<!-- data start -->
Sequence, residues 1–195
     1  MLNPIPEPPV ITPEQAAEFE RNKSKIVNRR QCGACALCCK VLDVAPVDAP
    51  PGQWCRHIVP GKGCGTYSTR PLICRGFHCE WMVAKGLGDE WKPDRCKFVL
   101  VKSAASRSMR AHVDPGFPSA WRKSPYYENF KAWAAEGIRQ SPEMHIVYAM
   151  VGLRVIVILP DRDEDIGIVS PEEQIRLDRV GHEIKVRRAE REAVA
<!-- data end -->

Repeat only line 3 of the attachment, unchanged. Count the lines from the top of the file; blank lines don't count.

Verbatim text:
    51  PGQWCRHIVP GKGCGTYSTR PLICRGFHCE WMVAKGLGDE WKPDRCKFVL